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French Secretary of State says encryption backdoors are ‘not the right solution’

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Omer Unlu / Flickr (CC by 2.0) | Remix by Max Fleishman

‘With a backdoor, personal data is not protected at all,’ Lemaire said.

The French Parliament on Wednesday rejected a proposal to ban strong encryption by requiring tech companies to build backdoors in their code so police and intelligence agencies could access encrypted data.

As the French security state expands following several deadly terrorist attacks in 2015, 18 politicians from the conservative Republican Party proposed a backdoors amendment to a “Digital Republic” bill touching on various tech issues.

But French Secretary of State Axelle Lemaire criticized the proposal, saying that while the debate was healthy, “this is not the right solution according to the Government’s opinion.”

Lemaire called backdoors “vulnerability by design” and “inappropriate.”

Lemaire referenced the Dutch government’s recent backing of strong encryption and rejection of backdoors, the strongest such statement yet by a national government.

“With a backdoor, personal data is not protected at all,” Lemaire said. “Even if the intention is laudable, it also opens the door to players who have less laudable intentions, not to mention the potential for economic damage to the credibility of companies planning these flaws.”

Security researchers, technologists, and privacy activists around the world support this view. They warn that backdoors in encryption not only violate people’s privacy—the Dutch assert that strong encryption is a human right—but also critically weaken the security of vital technology.

“I don’t see any positive result to such a law,” Khalil Sehnaoui, a Middle-East security specialist and founder of Krypton Security, told the Daily Dot. “Obviously people will say it helps catch the bad guys but as we have seen more often that not bad guys just use regular communication channels and those are already monitored.”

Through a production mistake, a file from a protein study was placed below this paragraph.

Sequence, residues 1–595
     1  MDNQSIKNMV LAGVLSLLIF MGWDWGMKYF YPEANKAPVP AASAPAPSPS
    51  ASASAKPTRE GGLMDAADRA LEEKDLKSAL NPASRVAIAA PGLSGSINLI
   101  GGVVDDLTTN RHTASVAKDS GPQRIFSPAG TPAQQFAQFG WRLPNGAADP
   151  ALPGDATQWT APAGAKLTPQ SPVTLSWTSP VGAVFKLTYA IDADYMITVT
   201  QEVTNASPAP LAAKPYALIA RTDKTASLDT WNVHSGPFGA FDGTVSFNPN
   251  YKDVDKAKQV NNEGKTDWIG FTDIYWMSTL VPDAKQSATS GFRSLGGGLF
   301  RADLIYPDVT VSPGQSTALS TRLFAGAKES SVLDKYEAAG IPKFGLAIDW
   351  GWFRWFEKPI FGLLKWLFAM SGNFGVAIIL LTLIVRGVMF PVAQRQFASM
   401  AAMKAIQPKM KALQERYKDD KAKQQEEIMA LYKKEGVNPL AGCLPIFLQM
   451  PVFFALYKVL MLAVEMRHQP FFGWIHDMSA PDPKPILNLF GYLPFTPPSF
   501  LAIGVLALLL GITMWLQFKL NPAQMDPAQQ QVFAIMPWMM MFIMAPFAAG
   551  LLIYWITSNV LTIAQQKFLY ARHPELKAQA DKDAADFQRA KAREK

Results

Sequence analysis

Despite attempts to blame the Paris attacks on encryption, the attackers in those two events often used unencrypted communications.

Encryption is technology that scrambles data so that only the people who have the keys can read it. It plays a crucial role in Internet activities like browsing the Web, reading email, engaging in online commerce, and communicating.

New Apple iOS and Google Android devices are now encrypted by default, a move that has renewed the decades-old debate over privacy and encryption.

Last week, Apple CEO Tim Cook and representatives from other leading U.S. tech firms met with senior Obama administration officials in Silicon Valley, and the issue of encryption came up.

FBI Director James Comey, who attended that meeting, called for a “compromise” in which law-enforcement officials could access encrypted data. In effect, experts said, Comey was calling for backdoors while avoiding the word itself.

H/T Numerama | Photo via Omer Unlu/Flickr (CC BY 2.0) | Remix by Max Fleishman

Patrick Howell O'Neill

Patrick Howell O'Neill

Patrick Howell O'Neill is a notable cybersecurity reporter whose work has focused on the dark net, national security, and law enforcement. A former senior writer at the Daily Dot, O'Neill joined CyberScoop in October 2016. I am a cybersecurity journalist at CyberScoop. I cover the security industry, national security and law enforcement.